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May 9, 2014

Kaka not sad about Brazil omission

Kaka says he is not surprised to have been left out of the 23-man Brazil squad for this summer's World Cup.

• 2014 World Cup squads
• 2014 World Cup venue guides
• Vickery: Brazil spring no surprises

The AC Milan midfielder, 32, took Luis Felipe Scolari's decision to omit him philosophically, claiming that the coach had been "coherent", adding that it "would have been a surprise if he had actually called me up."

Speaking at an awards ceremony in Milan, Kaka said: "I'm sorry that I won't be playing at the World Cup, but I'm not sad about it." Instead, the veteran will focus on trying to clinch a European spot with the Rossoneri, an achievement that would further cement his status as a fans' favourite.

"Maybe people love me here more than in Sao Paulo," he said. "I've still got a year left on my contract and I'm delighted to be here. I was welcomed warmly and, right now, I'm playing to reach an objective which is the Europa League. We need to qualify for Europe. It's an objective we will do all we can to realise."

Kaka has been moved back into a deeper midfield role in recent weeks by Milan coach Clarence Seedorf, but since this has coincided with a good run of results, the Brazilian has no real complaints. "It seems like things are going well now," he said. "I've found the right position. Of course I prefer a more attacking role, but [Seedorf has] won six of the last seven games so the results speak for him. It's now up to us to give it one final push to get these six points."

Meanwhile, former Brazil international Juninho has told RMC he would have picked both Kaka and Lucas Moura after the pair were left out of the Selecao's World Cup squad.

Kaka, a World Cup winner in 2002, and Paris Saint-Germain's Lucas were both notable omissions when Scolari named his provisional squad for the tournament on Thursday.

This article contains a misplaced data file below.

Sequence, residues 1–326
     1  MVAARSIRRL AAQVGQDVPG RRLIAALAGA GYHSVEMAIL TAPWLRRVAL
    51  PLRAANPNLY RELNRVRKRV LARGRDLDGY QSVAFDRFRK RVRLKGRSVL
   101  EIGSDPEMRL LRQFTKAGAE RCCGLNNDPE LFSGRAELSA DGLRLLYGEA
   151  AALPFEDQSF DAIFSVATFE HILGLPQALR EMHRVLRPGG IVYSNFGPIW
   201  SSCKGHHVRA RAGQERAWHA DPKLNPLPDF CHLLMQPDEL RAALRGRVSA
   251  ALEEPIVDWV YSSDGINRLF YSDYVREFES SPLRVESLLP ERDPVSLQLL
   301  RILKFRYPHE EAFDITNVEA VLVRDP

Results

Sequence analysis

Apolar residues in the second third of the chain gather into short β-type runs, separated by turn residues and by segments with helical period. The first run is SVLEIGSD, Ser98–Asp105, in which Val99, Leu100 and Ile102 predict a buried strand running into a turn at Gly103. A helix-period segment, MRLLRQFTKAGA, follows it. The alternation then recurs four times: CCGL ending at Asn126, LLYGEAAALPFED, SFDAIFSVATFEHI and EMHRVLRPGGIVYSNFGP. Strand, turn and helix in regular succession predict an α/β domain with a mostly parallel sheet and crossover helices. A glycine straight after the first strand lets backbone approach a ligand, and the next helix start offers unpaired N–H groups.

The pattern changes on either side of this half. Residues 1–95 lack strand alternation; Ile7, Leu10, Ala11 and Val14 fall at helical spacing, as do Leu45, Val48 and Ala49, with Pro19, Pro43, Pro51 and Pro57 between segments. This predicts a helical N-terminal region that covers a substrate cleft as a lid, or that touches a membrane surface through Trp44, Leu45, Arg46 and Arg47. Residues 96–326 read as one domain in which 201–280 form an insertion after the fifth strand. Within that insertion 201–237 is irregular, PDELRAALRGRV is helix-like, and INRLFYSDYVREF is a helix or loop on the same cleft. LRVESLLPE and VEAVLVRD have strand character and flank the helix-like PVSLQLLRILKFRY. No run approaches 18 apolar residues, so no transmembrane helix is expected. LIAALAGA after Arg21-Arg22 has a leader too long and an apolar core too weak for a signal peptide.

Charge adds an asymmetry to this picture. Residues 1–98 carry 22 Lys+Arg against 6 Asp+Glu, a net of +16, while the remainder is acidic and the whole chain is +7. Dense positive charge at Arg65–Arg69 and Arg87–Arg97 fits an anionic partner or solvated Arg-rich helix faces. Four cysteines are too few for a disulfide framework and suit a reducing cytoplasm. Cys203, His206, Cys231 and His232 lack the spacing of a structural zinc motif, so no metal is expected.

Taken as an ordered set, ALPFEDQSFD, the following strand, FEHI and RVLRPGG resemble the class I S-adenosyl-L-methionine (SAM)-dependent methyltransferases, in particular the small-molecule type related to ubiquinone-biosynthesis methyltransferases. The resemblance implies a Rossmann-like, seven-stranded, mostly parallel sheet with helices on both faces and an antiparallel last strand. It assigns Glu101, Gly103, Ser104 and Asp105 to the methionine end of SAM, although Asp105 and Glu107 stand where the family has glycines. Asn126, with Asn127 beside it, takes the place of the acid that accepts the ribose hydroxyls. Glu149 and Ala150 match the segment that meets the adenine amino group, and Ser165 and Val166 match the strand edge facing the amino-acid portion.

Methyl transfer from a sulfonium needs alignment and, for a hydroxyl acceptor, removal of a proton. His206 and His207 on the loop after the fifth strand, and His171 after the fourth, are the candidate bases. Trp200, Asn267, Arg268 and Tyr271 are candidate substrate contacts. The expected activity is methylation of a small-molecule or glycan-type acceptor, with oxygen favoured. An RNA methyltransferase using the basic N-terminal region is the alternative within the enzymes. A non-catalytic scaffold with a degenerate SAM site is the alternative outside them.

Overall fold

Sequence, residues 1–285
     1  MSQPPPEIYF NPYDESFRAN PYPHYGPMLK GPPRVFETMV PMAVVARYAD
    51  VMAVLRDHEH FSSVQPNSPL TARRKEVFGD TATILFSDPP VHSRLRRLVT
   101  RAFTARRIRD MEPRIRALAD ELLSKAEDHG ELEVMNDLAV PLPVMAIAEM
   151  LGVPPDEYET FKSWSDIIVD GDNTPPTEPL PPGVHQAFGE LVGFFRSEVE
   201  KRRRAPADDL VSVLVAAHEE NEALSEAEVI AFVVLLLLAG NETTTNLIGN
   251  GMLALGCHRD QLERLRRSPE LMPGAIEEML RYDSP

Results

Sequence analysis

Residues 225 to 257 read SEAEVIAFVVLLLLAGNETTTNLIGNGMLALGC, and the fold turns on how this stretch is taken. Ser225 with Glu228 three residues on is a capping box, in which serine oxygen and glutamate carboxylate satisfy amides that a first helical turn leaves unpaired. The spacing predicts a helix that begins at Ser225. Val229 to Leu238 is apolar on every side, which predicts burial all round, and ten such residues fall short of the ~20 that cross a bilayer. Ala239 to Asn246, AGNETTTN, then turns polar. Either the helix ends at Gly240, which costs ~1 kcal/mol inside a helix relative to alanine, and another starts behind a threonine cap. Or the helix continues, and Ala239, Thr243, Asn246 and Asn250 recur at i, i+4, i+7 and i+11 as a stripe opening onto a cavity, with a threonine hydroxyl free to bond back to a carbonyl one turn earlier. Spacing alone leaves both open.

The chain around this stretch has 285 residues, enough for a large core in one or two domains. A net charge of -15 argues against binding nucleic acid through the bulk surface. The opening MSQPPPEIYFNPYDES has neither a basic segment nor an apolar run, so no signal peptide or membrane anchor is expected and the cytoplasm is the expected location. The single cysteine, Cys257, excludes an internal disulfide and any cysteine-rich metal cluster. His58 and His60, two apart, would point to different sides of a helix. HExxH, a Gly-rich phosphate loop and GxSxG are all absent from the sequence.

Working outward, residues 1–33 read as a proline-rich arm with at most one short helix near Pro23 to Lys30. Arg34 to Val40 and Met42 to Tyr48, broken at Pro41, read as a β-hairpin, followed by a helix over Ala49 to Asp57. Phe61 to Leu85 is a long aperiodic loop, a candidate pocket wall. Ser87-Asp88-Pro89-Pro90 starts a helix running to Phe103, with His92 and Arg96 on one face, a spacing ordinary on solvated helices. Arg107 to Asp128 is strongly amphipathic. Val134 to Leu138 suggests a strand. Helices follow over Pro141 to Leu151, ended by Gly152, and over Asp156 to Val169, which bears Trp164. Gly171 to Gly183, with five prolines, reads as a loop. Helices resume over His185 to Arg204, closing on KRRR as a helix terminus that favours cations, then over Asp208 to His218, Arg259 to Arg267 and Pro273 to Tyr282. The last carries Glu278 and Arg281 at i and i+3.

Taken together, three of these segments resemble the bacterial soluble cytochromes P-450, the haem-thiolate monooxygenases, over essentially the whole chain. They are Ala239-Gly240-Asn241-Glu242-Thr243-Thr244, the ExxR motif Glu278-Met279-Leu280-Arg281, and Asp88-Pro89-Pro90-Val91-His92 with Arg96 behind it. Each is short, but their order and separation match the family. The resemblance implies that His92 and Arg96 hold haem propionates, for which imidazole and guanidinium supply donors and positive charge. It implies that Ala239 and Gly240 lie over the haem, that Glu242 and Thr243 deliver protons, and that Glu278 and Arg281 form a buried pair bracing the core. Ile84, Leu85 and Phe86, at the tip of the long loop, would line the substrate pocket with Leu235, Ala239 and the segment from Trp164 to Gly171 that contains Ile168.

A veteran of the 2006 World Cup in which he played alongside Kaka, Juninho said he hoped the Milan star's ability to handle big occasions would not be missed by Scolari's youthful selection.

He said: "With regard to Kaka, Scolari took him to play in a friendly, but he didn't play well. So, he preferred to take Willian, Bernard, the youngsters who did well at the Confederations Cup. He has kept the basis of that squad, and changed a few names. The problem is that Kaka has already played three World Cups. He has experience, and I hope this squad won't be lacking in it."

Lucas has yet to feature in a World Cup, but after ending the Ligue 1 season strongly with PSG, the former Sao Paulo attacking midfielder had hoped to sneak into Scolari's thinking despite being left out of recent squads.

"I had said Lucas wouldn't be picked," Juninho stated. "His goose was cooked by the coach a long time ago, because he has not had the opportunity to play. I think Scolari doesn't like the player, he doesn't like his style."

The former Lyon midfielder added he felt Scolari's squad was lightweight in attack, an area the two players left out could have strengthened, leaving the onus to inspire the side to Neymar.

Juninho warned the Barcelona youngster, who was named the Confederations Cup's best player as Brazil triumphed over Spain last summer, that he must focus more on his game than on his image if he is to fulfil his potential.

"Neymar's advantage is that he has been brought up well, his parents are always by his side. His problem is that he likes the glamourous side of football and sometimes forgets the fundamentals. He has a lot of talent and knows he can play well in every game, but he likes the press and the media.

"He's young, he's 22, and he has to be careful. He's injured now, so he has to recover, but today, technically, he's the most important player Brazil have. At one time, we had Rivaldo, Ronaldinho, Ronaldo, Kaka, Romario, Bebeto and now, we have had a dip with a little crisis. Neymar is 'the' hope. But Brazil's base, with their defence, has taken some of the pressure off him."

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